I give up. I’ve tried. I’ve tinkered with font sizes until I’m seeing spots, I’ve ordered samples of fresnel magnifiers, I’ve specced super-thin paper, you name it. And it’s not working. I just can’t put ten pounds of manual into a five-pound bag.
20 years ago, TableMaster was smaller (it now has 13 new commands, more options for the existing ones, and more than 20 new output formatting codes). The manuals were wider and taller — they were a half-sheet, 5.5 x 8.5, instead of the 4.75 x 7.125 necessary to fit in a DVD box. And I didn’t have any restrictions on the length; TableMaster was in an inch-thick box, so there was plenty of room for however many pages the manual needed. None of those is true anymore — the command set is bigger, the page size is smaller, and the box is much, much thinner. It. Just. Doesn’t. Fit.
Continue reading “Manual Madness”
There are three flavors of User Variables in TableMaster: ones with no variety specified (they were the originals), which are integers; Decimal variables, for floating-point numbers; and Text variables, for strings. There is actually a de-facto fourth kind, essentially Boolean variables.
George Boole was a 19th-century mathematician who formulated what came to be known as Boolean algebra, which dealt with variables having values of “true” and “false” rather than numeric values, usually represented as 1 and 0. If that sounds familiar — like the fundamental nature of digital electronics, from your watch to TableMaster — you’re right: it is. Most computer languages have some sort of Boolean variable. Delphi (which is basically Pascal, named for another mathematician) certainly does. And so does TableMaster … sort of.
Continue reading “Everybody into the Boole!”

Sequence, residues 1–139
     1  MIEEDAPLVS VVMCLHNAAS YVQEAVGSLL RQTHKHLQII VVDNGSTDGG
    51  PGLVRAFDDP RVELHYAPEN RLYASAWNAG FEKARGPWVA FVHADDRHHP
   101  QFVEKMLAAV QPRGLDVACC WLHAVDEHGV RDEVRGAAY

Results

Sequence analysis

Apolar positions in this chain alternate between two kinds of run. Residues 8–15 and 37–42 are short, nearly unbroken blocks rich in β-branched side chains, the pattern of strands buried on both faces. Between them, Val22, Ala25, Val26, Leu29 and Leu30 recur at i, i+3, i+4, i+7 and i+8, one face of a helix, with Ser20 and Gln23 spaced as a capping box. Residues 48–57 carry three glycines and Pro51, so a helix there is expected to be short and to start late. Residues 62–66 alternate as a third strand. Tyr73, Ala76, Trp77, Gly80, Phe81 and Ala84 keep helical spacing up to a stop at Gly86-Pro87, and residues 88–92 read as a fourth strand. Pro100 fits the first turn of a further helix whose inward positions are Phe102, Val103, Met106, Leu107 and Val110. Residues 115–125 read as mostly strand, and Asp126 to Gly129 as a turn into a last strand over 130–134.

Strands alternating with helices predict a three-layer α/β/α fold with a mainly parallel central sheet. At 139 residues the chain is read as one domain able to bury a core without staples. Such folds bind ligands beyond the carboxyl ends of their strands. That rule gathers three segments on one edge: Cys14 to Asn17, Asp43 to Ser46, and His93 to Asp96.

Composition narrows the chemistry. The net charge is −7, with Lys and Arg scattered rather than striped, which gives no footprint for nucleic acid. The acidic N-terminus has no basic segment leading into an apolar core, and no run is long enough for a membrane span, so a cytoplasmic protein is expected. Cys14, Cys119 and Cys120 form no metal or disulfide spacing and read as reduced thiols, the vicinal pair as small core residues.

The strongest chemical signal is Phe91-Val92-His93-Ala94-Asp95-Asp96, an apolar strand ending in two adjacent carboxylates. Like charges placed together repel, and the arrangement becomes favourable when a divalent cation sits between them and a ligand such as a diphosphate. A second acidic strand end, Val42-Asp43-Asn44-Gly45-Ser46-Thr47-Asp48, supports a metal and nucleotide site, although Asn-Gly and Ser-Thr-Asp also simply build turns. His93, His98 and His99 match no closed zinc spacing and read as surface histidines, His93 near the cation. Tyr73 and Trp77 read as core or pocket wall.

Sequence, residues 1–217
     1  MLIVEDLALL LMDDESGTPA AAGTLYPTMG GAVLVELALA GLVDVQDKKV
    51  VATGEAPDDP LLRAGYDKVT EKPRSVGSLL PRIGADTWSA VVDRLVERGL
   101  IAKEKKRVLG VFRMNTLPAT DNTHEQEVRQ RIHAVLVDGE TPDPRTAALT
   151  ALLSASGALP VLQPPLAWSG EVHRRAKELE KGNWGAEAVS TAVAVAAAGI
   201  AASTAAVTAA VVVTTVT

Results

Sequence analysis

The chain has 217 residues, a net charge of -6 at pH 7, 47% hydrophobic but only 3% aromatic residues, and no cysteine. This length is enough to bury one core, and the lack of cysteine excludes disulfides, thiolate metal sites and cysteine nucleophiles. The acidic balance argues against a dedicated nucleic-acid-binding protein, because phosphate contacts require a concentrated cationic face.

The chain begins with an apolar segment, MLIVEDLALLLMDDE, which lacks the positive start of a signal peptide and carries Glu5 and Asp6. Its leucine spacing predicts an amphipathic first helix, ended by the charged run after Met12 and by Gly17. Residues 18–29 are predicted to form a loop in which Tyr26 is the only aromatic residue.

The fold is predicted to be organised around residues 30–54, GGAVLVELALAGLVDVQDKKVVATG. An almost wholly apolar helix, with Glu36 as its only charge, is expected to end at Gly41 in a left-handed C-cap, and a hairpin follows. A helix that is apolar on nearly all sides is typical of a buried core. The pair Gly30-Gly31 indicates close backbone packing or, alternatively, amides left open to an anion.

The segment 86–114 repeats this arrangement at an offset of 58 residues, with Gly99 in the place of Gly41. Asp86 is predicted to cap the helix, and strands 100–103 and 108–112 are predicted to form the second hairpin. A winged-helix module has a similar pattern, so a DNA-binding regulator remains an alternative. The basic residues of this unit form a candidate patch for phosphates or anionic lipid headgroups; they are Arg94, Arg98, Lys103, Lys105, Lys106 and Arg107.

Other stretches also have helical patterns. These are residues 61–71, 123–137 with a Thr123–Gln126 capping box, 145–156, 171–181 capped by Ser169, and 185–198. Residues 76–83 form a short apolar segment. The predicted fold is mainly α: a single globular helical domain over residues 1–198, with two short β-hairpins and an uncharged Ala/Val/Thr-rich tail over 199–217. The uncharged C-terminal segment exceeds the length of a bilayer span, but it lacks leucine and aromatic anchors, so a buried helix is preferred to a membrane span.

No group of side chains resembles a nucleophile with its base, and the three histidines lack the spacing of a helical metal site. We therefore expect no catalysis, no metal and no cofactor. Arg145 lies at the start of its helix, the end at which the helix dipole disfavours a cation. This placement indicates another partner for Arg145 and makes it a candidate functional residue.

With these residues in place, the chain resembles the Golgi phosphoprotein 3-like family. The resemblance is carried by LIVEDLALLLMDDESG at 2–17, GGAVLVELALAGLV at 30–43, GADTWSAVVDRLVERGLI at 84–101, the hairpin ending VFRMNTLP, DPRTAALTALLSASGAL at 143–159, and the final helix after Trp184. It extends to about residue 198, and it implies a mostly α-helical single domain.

As everyone who has looked at some of the TableMaster basic tables knows, I’m an invertebrate punster — I’m spinelessly unable to resist a pun. In this case, the Hoard is definitely a Horde, specifically of zombies.
If you’re running a game set during and after a zombie apocalypse, sooner or later the players will ask just what, exactly, those zombies moaning “braaaaaaaains!” outside the walls actually look like. What kind of condition are they in? Who were they, if you can tell?
WARNING: Some of the descriptions produced by the zombie table and listed here are, in a word, gross. If you don’t really want to read that sort of thing, do not continue!
Continue reading “GM Horde: Zombies!”
In a wide-ranging SF campaign, it’s not uncommon for the players to come across a world which has suffered some disaster. It might be home to a few scattered remnants of the original population, or perhaps nothing but enigmatic ruins.
From the Science Fiction Table Pack, here are five such worlds.
Continue reading “GM Hoard: Ruined Worlds”
All too often, it seems like the adventurers are the only people in town. If anyone else exists, it’s only to interact with them, anything from giving them directions to the nearest inn to mugging them in an alley.
But, of course, any urban area is full of people. Those people all have their own lives, and are doing their own things, with no connection to the adventurers at all. The new Fantasy Table Pack 3, which contains all the tables that relate to people, such as names, descriptions, etc., contains a table for that.
Continue reading “GM Hoard: People in a crowd”